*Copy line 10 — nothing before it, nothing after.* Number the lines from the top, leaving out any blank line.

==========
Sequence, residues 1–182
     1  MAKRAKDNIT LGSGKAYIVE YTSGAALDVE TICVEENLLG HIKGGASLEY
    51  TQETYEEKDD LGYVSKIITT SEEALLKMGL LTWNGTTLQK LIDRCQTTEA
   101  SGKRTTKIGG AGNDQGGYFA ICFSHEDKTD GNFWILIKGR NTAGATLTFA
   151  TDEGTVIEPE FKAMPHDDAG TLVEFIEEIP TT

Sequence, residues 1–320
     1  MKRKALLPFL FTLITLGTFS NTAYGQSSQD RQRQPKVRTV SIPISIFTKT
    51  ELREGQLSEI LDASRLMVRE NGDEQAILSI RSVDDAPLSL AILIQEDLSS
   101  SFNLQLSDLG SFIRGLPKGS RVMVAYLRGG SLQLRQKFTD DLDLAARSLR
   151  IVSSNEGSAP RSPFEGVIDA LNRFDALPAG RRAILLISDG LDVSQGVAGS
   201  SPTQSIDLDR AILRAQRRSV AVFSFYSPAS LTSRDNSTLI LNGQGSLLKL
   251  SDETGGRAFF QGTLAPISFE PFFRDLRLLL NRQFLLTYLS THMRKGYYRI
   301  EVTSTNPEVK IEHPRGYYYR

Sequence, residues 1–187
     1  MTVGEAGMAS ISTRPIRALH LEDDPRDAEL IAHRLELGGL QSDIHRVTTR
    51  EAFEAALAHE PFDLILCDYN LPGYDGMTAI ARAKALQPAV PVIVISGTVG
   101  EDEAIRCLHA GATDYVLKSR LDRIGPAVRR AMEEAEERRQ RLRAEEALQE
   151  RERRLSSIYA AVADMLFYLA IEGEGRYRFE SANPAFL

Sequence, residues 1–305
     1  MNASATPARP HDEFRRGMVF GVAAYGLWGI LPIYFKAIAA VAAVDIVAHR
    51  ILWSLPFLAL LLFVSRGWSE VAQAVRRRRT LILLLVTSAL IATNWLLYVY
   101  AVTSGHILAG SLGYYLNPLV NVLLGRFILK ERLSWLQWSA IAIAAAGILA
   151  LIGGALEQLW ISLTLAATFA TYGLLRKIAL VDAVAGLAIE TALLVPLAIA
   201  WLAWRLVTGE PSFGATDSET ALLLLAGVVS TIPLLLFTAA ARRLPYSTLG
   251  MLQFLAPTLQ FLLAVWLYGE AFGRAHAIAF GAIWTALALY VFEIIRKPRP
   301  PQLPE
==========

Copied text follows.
   151  IVSSNEGSAP RSPFEGVIDA LNRFDALPAG RRAILLISDG LDVSQGVAGS